Waiting for family law reform is a bit like waiting for a bus. You linger forlornly for what seems likes an eternity, stoically weathering the elements. Then, just as you are about to give up, along comes a bus — and two more buses directly behind it.
In the past year, the Republic of Ireland has seen three major proposals for family law reform. The Civil Partnership Bill 2009, which is currently before the Dáil, promises a substantial new civil status for registered same-sex couples, with additional protective measures for cohabiting couples, same-sex and opposite-sex. The Law Reform Commission consultation paper, The Legal Aspects of Family Relationships, provisionally recommends some long overdue reforms to the law as it relates to guardianship, custody and access.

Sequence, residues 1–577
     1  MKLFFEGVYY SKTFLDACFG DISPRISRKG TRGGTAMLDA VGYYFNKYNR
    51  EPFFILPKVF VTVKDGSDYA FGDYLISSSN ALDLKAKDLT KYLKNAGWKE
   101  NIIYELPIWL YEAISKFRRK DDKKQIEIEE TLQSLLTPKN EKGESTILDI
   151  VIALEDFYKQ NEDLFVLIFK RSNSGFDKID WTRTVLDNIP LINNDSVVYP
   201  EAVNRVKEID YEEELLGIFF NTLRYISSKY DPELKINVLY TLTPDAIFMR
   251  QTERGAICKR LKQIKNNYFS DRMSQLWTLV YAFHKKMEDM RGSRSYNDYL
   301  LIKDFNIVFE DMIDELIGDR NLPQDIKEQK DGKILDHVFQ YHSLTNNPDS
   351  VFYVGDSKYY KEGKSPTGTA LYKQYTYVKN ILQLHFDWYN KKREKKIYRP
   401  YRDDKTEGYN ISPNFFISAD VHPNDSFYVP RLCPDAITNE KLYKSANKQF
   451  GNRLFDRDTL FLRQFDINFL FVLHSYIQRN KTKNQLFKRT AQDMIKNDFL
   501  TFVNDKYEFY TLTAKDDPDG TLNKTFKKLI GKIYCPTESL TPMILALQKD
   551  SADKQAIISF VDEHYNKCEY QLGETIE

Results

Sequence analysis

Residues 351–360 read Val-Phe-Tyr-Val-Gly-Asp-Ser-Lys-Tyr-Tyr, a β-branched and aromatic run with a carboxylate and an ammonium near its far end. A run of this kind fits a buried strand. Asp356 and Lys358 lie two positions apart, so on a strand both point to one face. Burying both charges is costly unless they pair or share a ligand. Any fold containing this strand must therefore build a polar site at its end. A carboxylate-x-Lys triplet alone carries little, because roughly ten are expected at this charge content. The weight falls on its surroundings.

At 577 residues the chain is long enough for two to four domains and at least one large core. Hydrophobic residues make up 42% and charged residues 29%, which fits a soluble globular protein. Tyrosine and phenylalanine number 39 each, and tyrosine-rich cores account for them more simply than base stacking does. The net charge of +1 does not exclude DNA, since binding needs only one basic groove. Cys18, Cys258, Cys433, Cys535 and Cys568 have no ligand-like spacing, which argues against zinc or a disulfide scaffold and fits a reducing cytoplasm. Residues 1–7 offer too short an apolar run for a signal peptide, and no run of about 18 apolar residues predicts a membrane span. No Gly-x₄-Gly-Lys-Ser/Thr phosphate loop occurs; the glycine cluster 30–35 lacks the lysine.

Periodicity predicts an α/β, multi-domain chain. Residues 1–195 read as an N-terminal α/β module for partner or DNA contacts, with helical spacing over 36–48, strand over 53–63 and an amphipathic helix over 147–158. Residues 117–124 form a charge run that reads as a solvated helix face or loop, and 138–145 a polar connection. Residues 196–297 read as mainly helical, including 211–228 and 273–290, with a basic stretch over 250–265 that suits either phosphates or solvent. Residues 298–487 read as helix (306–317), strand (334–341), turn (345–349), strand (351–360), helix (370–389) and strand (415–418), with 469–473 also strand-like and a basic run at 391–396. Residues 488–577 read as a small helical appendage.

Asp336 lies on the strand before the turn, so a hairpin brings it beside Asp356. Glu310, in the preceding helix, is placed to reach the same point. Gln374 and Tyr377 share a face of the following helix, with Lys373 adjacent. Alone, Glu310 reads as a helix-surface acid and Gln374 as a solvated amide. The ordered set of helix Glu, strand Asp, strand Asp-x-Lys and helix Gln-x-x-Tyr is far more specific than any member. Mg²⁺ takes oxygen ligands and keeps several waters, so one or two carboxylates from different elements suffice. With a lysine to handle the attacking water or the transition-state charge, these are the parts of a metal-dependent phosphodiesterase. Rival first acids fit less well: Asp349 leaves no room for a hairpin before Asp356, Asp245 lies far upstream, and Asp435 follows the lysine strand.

There is much to be welcomed also in the proposed constitutional amendment on children. For one, the proposed new Article 42 will apply to all children, and not just those born within marriage. The proposed amendment contains, in particular, a ground-breaking assertion that “[t]he State shall cherish all the children of the State equally.” This will banish, one hopes, the spectre of O’B v S,  IR 316, a Supreme Court decision that affirmed the constitutional validity of measures that discriminate against non-marital children. The Court concluded that the constitutional preference for marriage trumped the child’s right to equality. This constitutional amendment would arguably reverse that stance. Continue reading “Ryan on Family Law and the Children's Rights Amendment”